Have you named your car?

My wife names all of her cars and so far they’ve mainly been girls and I’m sure that it’s not the only example of someone naming an object. In film and books we see examples of characters speaking about vehicles or other inanimate objects as if they were long loved companions.

So why do we name objects? Why is it we imbue things with the features of people?

In terms of a car, it’s our horse. It’s how we get about. Who wouldn’t have named their horse? We want to look after our horse, make sure that said horse is fed and watered. Without said horse being fit and healthy, we would have found ourselves unable to do so many things in the far off past and indeed we’d find ourselves in a similar predicament today if our car is ‘lame’.

Also, by naming a thing, we’re giving the thing value. People have names, things do not. By giving a thing a name we’re admitting it’s importance to us and elevating it beyond other things as something we cherish. A favourite cuddly toy when we were children gets given a name and is suddenly so much more. We can all remember the horror of the moment we lost said toy and the world just crumbled around us.

We can see in so much of Science Fiction that spaceships are easily given character and value thanks to the addition of a name. The characters, and indeed the readers / viewers, are more willing to accept the situation of caring for an inanimate object and I’m sure that each of us have been gripped by those moments. I think about Captain Mal explaining about the power of Serenity, of Admiral Adama explaining that the Galactica had looked after them all but she would be facing her final battle, and then being the last to leave the Galactica before she’s scuttled. The space ships in so many examples of the gene are also more than just a mode of transport. They fulfil the role of home as well. We all want our home to be secure and safe and we care that no harm comes to it.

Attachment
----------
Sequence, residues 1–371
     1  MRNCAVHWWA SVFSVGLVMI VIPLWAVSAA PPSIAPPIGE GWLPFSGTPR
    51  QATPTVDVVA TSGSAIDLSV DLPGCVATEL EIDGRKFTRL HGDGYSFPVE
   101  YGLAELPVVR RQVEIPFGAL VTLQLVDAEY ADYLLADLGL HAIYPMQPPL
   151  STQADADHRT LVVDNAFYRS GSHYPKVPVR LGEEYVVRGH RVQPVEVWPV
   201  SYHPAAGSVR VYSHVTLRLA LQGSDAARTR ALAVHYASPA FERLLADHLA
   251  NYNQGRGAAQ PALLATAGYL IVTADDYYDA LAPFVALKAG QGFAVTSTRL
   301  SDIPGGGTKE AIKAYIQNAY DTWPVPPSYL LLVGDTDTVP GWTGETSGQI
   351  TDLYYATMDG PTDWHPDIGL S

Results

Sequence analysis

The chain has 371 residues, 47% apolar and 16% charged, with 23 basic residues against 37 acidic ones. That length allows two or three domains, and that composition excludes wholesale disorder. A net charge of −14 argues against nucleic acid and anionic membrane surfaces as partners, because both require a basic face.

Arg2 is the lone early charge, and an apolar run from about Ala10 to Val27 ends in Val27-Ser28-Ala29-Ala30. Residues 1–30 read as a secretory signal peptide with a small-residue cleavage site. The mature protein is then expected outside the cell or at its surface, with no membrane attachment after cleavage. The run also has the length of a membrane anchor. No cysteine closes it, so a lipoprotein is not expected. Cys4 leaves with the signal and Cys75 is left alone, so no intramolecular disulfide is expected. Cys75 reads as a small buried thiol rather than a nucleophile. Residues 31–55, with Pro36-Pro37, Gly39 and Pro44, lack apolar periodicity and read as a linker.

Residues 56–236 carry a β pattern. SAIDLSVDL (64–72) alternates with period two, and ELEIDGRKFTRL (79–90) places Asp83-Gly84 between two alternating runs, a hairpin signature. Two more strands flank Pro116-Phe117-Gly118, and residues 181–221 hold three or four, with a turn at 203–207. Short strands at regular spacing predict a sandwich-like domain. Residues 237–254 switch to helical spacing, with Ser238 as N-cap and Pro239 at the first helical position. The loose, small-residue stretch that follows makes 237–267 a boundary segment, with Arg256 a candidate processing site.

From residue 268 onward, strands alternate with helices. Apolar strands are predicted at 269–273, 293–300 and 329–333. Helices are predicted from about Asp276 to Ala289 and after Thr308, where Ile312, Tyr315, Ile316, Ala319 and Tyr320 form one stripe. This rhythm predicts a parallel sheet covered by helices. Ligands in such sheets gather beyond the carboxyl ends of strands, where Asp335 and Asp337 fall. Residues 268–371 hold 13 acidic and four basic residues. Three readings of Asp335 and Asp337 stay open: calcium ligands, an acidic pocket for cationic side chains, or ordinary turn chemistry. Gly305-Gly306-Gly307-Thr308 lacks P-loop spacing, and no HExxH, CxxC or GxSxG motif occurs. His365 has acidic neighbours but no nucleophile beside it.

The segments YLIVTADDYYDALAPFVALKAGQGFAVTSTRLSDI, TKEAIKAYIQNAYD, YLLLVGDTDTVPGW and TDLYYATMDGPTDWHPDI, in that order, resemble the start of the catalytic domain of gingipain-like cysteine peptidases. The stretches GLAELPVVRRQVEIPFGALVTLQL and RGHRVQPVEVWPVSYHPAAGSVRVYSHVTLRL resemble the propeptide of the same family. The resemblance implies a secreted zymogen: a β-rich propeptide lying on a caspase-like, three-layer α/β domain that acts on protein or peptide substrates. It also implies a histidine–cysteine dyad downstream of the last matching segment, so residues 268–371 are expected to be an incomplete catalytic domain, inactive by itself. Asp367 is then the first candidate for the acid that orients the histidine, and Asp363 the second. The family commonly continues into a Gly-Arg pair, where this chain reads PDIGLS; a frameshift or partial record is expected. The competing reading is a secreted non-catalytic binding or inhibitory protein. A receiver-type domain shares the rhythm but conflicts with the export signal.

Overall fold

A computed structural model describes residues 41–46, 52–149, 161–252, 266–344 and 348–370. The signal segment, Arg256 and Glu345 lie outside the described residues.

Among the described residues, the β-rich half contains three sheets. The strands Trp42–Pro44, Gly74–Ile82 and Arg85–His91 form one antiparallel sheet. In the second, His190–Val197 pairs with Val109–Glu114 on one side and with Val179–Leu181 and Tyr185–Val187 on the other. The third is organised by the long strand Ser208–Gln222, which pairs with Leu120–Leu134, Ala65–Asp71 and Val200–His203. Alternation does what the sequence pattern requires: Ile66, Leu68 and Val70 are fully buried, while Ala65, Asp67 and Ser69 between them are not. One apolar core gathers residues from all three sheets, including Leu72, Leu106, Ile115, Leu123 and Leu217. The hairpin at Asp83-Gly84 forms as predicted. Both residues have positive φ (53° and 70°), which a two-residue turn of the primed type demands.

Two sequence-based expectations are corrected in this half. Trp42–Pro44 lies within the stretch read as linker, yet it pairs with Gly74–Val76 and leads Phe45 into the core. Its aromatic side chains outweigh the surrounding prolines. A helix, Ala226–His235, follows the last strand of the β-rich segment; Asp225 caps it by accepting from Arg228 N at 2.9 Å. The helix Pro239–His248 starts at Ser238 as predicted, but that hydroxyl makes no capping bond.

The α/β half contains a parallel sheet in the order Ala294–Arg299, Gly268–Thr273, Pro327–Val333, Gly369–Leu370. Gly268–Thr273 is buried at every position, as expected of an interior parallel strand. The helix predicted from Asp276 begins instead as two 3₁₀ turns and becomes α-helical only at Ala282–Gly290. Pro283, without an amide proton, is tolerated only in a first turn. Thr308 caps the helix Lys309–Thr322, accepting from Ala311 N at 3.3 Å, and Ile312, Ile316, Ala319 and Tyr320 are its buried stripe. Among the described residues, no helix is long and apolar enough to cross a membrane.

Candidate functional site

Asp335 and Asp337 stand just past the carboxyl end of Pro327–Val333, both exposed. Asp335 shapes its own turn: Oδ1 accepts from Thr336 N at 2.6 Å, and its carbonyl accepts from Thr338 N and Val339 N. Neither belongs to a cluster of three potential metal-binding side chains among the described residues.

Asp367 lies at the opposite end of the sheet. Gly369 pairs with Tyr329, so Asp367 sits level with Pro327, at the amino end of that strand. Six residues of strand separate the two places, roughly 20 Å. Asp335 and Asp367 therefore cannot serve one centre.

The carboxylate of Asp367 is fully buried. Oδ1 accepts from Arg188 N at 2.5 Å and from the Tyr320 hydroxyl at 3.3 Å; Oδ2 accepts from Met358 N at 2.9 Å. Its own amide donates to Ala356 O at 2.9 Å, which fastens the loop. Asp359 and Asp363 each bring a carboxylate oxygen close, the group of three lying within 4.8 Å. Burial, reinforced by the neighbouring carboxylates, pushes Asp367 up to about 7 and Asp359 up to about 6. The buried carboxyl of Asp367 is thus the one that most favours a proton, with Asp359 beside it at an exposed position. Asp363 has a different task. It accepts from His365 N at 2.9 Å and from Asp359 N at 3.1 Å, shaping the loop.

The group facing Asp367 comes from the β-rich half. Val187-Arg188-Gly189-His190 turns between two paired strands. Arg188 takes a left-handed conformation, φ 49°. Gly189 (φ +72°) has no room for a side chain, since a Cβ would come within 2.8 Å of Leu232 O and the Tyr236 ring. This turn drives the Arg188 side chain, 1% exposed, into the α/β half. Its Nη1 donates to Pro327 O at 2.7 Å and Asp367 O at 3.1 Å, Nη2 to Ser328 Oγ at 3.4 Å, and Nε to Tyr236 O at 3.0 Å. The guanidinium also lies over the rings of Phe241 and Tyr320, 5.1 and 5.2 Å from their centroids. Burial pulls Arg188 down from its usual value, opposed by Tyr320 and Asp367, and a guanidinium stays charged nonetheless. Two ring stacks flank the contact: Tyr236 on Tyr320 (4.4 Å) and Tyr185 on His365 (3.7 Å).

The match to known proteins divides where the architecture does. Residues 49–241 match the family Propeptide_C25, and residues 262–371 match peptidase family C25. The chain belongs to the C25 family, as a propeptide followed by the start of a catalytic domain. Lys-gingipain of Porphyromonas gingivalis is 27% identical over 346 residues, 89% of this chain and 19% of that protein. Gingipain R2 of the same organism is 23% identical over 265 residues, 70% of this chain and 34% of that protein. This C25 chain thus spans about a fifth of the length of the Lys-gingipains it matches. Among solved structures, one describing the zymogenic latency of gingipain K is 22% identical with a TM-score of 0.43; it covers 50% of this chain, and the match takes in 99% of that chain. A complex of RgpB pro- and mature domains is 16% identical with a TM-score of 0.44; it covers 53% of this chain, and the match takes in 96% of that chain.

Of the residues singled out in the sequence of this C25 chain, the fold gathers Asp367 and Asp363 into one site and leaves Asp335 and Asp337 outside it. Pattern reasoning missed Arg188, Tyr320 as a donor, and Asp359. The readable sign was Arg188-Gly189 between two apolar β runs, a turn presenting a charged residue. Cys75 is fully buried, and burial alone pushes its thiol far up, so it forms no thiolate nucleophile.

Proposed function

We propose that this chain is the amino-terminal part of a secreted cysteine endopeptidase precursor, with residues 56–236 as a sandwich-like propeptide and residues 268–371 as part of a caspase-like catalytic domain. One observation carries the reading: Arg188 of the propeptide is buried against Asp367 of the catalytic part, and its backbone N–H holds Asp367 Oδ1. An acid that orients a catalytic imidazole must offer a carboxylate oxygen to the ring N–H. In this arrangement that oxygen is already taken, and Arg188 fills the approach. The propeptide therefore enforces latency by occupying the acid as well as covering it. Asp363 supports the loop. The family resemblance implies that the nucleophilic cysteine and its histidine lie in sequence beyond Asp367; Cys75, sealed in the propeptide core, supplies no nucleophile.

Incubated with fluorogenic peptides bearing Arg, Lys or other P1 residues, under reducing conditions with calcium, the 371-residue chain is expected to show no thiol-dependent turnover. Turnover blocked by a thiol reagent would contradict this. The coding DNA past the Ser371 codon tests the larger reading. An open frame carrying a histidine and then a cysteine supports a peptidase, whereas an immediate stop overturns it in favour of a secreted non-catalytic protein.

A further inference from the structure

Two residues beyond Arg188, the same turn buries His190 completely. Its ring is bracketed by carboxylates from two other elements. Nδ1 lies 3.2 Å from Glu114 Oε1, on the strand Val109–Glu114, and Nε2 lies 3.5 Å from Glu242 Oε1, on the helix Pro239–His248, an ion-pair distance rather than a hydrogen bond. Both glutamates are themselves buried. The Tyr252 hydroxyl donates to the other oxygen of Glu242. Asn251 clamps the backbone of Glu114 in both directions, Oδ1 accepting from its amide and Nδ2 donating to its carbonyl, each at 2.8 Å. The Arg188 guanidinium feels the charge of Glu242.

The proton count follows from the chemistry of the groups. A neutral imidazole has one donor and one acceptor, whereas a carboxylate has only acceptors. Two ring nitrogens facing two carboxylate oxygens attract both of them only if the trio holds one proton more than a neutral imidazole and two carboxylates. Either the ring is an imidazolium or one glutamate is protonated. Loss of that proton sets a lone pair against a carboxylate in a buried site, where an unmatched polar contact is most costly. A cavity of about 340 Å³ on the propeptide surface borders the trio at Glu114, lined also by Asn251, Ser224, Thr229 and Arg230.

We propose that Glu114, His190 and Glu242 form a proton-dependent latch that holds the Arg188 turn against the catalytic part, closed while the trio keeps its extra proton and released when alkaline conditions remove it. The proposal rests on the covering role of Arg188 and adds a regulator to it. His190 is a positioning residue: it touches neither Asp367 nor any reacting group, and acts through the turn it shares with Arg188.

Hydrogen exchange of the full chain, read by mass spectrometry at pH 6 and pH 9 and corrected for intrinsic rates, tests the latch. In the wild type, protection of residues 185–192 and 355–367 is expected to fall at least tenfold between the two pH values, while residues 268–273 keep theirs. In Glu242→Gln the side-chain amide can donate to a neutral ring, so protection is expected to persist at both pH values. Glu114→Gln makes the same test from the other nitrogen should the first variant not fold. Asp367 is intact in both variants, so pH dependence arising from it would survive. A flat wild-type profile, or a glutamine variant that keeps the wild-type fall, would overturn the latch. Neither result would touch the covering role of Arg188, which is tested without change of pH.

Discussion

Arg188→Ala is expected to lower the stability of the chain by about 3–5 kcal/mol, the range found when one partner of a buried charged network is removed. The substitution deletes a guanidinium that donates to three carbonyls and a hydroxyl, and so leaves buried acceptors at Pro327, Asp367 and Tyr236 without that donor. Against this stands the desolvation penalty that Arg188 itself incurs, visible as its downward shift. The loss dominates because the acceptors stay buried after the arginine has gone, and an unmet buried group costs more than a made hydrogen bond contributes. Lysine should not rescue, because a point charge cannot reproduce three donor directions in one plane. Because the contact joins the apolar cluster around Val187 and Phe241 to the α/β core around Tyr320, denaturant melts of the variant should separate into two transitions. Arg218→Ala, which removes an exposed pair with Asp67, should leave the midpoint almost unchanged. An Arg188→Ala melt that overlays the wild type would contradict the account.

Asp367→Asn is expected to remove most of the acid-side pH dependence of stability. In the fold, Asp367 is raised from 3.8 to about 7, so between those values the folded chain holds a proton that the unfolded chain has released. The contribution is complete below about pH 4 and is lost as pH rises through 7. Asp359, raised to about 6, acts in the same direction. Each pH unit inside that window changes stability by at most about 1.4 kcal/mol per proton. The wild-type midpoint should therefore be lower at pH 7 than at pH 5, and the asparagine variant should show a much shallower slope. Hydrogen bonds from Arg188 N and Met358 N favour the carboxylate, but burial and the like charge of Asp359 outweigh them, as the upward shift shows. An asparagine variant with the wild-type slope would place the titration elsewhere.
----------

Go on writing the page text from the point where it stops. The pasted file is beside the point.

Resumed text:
Then there are the robots and androids. Anyone not feel the tug at the heart strings during Wall-E? Could you imagine Mr. Data just being cast aside without there being any real consideration? Are we recognising traits of humanity in the object? Are we showing that we feel that a specific ‘thing’ has somehow earned the right to be looked upon as being closer to human? If one does, do all others?

We name our pets as they live with us and are part of our family. Farmers don’t name all of their chickens or sheep but they would their dog. Does that mean that if the farmer names his tractor then the dog and the tractor are seen as being at the same level?

I think that we as a species currently sit on the cusp of the line between man and machine being wildly blurred. Changing how human beings function and any mechanical augmentations which may occur could bring us closer to a machine which shares processes and programming to our brains. Everything running on electricity but through similar but different systems. We already recognise and accept feelings for the inanimate object in storytelling as I’ve listed above so is that the first step toward us as humans recognising a kinship with machines and then the rights of the ever advancing mechanisms towards an AI? Is the AI just a thing or is it more?

It’s a big question and is a good one to ponder when trying to create all kinds of ideas for stories, I just hope that all the names we give all of the things in our lives are well received by the objects.

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